Asked why he wrote Ein Heldenleben, he once replied, disarmingly, that “Beethoven’s Eroica [Symphony] is so little beloved of our conductors” that he decided to write his own heroic piece, in the same key (E-flat major), as compensation. In reality, the work grew out of more personal impulses. Indeed, the music was unusual for Strauss in that it was not based on some existing literary source, but followed a narrative of his own devising. The work divides into six parts, and in a variety of published and unpublished sources Strauss clarified his programmatic intentions in each part, though he declined to give them titles in the published score (like Mahler, he was always ambivalent when it came to program music).
Part 1, “The Hero” (approximately 4 minutes): Beginning with a confident, wide-spaced theme vaulting upward from the bass, Strauss offers a vigorous, nuanced portrait of his Hero, the many sides of his character captured in a plethora of themes and motifs. Here, as throughout, Strauss’s virtuosity is breathtaking: listen to the dense counterpoint, the ingenious development of themes, the powerful rhythmic momentum, and the highly original orchestration, which calls for enormous forces – quadruple woodwinds, eight horns, five trumpets, and so on. A mighty cadence to E-flat major is prepared, but interrupted by –
Part 2, “The Hero’s Adversaries” (4 minutes): For Strauss, this meant the critics, toward whom he felt great bitterness despite considerable professional success. Rarely has an artist taken such savagely witty revenge in public upon his critics: “rasping” staccato figures set in chattery counterpoint in the woodwinds portray his critics as petty, spiteful, insignificant philistines, while ecclesiastical perfect fifths in the tubas depict them as pompous and pedantic, too. As Strauss draws them, the critics were not his equals – they lacked his nobility of soul – yet, the music that follows implies that he was still hurt, dejected, and set to brooding by their slights.
Part 3, “The Hero’s Companion” (12 minutes): In a long cadenza for the concertmaster, Strauss offers a compelling portrait of his own wife, the soprano Pauline de Ahna, to whom he was devoted for more than fifty years. By all accounts she was a formidable, mercurial, complex woman, “every minutes different from what she was the minute before,” as Strauss put it. His verbal comments in the solo-violin part reveal the range of moods he sought to depict: “hypocritically languishing,” merry, frivolous, sentimental, high-spirited, sharp, playful, amiable, angry, magging, and finally sweet and full of love. This portrait completed, the music swells up passionately in what Strauss called a “love scene,” as he reveals the depth of his feelings for Pauline and the profound satisfaction he received from his secure (albeit stormy) domestic life. But this bliss is soon interrupted by –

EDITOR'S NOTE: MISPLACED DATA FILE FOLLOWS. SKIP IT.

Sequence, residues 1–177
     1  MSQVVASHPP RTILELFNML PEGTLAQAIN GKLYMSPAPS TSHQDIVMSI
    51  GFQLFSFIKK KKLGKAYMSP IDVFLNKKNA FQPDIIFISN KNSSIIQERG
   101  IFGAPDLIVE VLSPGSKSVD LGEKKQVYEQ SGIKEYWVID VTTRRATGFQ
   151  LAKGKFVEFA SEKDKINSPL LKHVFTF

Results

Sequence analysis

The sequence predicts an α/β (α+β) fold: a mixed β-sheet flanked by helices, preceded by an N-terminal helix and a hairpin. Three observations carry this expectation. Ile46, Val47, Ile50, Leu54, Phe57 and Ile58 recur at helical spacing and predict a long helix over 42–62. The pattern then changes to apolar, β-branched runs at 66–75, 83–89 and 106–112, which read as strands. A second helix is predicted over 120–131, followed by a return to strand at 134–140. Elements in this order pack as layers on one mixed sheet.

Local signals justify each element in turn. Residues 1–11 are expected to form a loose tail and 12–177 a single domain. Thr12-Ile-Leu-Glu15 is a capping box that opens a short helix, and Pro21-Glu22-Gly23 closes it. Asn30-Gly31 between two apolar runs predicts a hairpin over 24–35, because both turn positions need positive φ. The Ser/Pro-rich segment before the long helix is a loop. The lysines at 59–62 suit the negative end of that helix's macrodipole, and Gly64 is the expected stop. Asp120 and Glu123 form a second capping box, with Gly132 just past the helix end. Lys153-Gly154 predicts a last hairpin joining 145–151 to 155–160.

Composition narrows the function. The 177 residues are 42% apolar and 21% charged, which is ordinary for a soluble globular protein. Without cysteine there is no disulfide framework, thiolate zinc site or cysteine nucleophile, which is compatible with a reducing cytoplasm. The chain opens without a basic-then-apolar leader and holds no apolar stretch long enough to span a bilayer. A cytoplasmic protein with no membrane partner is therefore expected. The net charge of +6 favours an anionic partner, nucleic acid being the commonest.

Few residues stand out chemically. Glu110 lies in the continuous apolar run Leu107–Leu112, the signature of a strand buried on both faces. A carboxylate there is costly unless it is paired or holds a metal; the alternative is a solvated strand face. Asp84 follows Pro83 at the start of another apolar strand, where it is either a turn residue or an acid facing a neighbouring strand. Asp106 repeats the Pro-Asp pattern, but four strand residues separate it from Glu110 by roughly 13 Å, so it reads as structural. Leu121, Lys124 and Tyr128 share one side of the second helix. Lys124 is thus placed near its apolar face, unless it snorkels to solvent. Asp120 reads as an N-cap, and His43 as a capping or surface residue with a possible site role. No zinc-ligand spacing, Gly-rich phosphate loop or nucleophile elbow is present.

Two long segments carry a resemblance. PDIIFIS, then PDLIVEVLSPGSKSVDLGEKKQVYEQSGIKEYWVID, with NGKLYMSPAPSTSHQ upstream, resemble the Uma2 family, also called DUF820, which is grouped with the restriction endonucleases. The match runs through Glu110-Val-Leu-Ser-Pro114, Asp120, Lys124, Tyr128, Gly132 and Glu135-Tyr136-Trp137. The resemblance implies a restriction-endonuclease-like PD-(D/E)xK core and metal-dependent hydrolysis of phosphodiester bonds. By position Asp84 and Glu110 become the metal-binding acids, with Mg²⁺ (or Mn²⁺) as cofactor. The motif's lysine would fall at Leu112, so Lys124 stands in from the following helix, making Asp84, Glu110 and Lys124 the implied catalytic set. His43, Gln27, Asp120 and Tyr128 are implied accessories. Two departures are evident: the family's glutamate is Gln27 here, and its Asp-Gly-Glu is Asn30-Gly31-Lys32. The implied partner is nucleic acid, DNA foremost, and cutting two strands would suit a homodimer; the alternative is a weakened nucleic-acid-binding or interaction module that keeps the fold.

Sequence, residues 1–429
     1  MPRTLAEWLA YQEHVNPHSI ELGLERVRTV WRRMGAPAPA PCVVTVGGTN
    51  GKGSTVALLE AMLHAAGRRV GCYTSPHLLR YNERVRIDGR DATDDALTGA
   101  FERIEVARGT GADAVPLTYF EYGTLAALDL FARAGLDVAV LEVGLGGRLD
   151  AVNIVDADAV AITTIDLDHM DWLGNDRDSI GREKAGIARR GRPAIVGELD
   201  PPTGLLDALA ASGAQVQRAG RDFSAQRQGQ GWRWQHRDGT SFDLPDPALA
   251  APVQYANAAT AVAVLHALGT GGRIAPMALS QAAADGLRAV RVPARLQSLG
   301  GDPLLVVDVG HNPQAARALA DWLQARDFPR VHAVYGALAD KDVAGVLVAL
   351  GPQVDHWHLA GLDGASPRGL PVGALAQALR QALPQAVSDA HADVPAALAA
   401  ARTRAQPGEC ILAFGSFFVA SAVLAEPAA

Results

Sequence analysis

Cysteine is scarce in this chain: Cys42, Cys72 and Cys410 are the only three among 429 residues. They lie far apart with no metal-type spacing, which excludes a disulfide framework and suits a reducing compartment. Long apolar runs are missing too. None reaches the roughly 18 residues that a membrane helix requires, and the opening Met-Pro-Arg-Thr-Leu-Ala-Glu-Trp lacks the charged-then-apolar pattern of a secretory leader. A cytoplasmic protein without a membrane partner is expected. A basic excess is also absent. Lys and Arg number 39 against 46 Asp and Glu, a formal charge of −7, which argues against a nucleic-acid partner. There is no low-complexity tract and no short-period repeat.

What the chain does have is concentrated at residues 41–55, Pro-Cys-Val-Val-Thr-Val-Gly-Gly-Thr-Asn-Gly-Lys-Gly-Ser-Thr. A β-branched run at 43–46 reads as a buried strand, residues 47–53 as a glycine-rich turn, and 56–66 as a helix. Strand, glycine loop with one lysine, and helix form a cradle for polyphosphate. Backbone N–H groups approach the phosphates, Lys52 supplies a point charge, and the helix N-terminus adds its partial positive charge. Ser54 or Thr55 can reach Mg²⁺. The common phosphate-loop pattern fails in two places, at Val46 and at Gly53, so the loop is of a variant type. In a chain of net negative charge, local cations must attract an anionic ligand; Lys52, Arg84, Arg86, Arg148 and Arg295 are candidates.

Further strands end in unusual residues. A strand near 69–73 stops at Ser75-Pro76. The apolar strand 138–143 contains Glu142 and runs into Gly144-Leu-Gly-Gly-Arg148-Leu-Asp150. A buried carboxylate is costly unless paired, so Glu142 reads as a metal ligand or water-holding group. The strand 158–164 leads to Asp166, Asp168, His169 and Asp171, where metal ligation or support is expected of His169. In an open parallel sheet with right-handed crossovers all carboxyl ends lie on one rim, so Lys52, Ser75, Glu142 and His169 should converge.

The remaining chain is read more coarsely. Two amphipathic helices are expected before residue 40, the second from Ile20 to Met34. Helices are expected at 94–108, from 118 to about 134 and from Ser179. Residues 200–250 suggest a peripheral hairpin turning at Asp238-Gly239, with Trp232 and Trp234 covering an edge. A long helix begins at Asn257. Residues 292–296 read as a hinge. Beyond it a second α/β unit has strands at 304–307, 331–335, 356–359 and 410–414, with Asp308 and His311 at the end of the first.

Part 4, “The Hero’s Deeds of War” (8 minutes): From a distance, the critics are heard again, along with war-like trumpet fanfares, and with some reluctance the Hero rouses himself to do battle with his adversaries. This part, a development of motifs from the previous three parts, features some of the most ferociously cacophonous battle music ever written – bitingly dissonant and noisy to a degree unprecedented in late-Romantic music. It earned Strauss a good deal of criticism, notoriety, and mockery (one critic called it an “atrocity”), though it is entirely apt dramatically. At the climax, Strauss recalls several themes from previous works, including a famous heroic theme from Don Juan (in the horns): as Del Mar writes, “In his exultance the Hero presents to the whole world excerpts from his mightiest conceptions.” And yet, the critics are not wholly silenced.